Theory:

Suppose you are going to a stationery store. You brought \(₹100\) to the shop. The following are the price of the things that you have taken in your cart.
 
ItemPrice
Colour book\(₹48\)
Colour pencil\(₹23\)
Scale\(₹12\)
Crayons\(₹26\)
 
Here the question is 'What are all the maximum possible items you can buy with the amount you have?'
 
It will take a little more time if you do the exact calculation and finding the answer.
 
But you can find the answer to this question within a few seconds if you go by estimation.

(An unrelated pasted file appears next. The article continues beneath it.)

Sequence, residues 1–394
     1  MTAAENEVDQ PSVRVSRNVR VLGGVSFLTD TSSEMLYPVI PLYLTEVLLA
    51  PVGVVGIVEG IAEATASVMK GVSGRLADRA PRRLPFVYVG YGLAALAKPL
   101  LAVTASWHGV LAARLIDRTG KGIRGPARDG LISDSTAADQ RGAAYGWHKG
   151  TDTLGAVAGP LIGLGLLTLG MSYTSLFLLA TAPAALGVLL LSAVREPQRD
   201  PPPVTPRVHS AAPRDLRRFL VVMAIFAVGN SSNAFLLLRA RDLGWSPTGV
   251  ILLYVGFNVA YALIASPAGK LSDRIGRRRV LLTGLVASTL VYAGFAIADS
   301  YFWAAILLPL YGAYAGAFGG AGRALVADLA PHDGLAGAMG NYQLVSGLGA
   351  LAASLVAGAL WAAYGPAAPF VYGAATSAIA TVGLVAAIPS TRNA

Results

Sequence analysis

The rounding off values of the provided items are \(₹50, ₹20, ₹10, ₹30\). This adds up to \(₹110\).
 
As we have \(₹100\), leave the item corresponds to the estimated number \(₹10\). That is, leave the scale which costs \(₹12\).
 
Through this, it is clear that not just a single number is always estimated, but also we can estimate the outcomes of numbers.
Important!
There is no separate procedure to estimate the outcomes of numbers, and it depends on the required accuracy and how quickly we need the estimated answer. Also, the estimated answer should not affect the problem.